For me and possibly many others, Sir Roger Moore invokes not just the image of a jet-setting super-spy, insouciantly ordering best Beluga and Dom Perignon while trouncing the opponent and getting the belle in the end.
Of course, for good reason, for millions around the world, he is remembered for playing the role of James Bond, the ultra-cool spy.
Well, this spy is a bit different; he is known by all the front-desk people in the best hotels of the world and has super expensive taste. Not the reflection of a real-life spy, one has to say.
Anyway, let’s come to that debate some other time.
As Moore passed away last week, I was taken back to the glorious days of black and white television when we used to wait with anticipation for the most thrilling adventure on the small screen: The Saint.
All throughout the 70s, The Saint, a television series chronicling the adventures of a dashing rogue, was our getaway into the world of suave espionage. Volvo 1800 with “ST 1” as the licence plate -- a car that we craved.
Bond in the West, the Saint in Bangladesh
When I got the news that Moore, my favourite actor and icon, had passed away, a slice of forgotten childhood flashed back: Soft breezy late evening, quiet roads, the whole family in front of the Philips black and white, awaiting Simon Templar.
In a time when, politically, the country was in turmoil, respite came from TV. This was mid-70s; Roger Moore had already done three Bond films, but here in Bangladesh, Moore was still “the Saint” simply because, in a very turbulent socio-political scenario, the latest foreign films stopped being imported.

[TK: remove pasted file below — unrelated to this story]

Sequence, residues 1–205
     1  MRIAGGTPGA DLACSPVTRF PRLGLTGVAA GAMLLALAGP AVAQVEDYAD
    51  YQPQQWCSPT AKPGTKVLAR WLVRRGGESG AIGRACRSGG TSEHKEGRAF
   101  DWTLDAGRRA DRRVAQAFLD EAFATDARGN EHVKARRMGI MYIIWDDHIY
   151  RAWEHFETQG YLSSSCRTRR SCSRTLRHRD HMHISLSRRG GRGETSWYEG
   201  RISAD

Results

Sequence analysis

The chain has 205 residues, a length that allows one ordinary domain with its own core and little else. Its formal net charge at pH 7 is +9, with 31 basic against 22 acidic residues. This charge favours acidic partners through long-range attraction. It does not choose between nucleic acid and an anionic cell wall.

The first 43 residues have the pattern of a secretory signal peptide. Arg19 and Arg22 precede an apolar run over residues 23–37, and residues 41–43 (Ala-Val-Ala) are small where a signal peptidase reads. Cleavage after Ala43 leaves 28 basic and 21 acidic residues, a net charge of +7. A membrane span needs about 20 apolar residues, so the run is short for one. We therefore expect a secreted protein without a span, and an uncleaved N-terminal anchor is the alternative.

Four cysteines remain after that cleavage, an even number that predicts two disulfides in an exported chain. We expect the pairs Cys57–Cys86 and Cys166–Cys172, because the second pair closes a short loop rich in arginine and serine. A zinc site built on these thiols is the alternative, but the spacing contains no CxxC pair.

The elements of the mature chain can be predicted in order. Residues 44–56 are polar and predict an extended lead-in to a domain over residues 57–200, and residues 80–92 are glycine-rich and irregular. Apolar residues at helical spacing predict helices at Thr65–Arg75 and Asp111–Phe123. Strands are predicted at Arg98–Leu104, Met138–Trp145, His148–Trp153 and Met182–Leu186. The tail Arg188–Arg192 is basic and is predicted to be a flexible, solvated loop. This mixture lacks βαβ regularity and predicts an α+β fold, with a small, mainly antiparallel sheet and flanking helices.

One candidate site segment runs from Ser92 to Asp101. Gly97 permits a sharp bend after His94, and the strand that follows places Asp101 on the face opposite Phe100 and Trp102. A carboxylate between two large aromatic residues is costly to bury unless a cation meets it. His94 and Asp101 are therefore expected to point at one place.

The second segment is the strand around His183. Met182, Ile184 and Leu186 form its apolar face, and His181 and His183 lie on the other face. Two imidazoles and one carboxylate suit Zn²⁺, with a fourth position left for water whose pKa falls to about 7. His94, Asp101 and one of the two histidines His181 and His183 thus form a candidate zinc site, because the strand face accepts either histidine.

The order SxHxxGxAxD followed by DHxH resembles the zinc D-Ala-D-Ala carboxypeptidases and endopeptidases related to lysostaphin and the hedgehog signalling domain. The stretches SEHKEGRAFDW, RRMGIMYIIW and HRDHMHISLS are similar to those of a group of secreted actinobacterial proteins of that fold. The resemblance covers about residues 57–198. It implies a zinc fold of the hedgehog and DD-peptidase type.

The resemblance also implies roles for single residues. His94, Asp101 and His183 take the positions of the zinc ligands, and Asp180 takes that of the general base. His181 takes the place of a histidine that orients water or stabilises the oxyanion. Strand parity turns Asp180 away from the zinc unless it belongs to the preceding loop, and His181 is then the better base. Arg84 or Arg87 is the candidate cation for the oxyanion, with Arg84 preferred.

The country had witnessed a devastating flood followed by famine in 1974 and within the collective social psyche, the prime concern was survival and ensuring a livelihood.
In such an unsettling state, the movie import business had to find cost-effective solutions. Hence, we had to be satisfied with films made in the 60s. Bond was still Sean Connery.
But on the small screen, Moore was already providing 007-like excitement, and, at no extra cost. I think we owe a lot to BTV because for those of us belonging to the first post-liberation generation, the state-run television was the only source of entertainment.
The Saint was immensely popular; in fact, in one Sheba Prokashoni bestseller, Choy Romancho, the detective in a story called “Shikari” utters the line: “Even if you are Simon Templar, you cannot trick me”
In a time of austerity, second-hand book stores did brisk business. The Saint novels by Leslie Charteris were the top picks along with James Hadley Chase.
BTV in colour and welcome Lord Brett Sinclair
Moore was made to play the upper crust English gentleman. But the reality is, he lost his cockney accent during a stint at Royal Academy of Dramatic Arts (RADA). In one interview, Michael Caine, who never totally lost his working-class accent, said that after his friend Roger came back from RADA, everyone was surprised by the change in his way of talking.
That’s exactly the reason why, in 1971, Roger paired up with American actor Tony Curtis for, in my opinion, the best television series of all times: The Persuaders.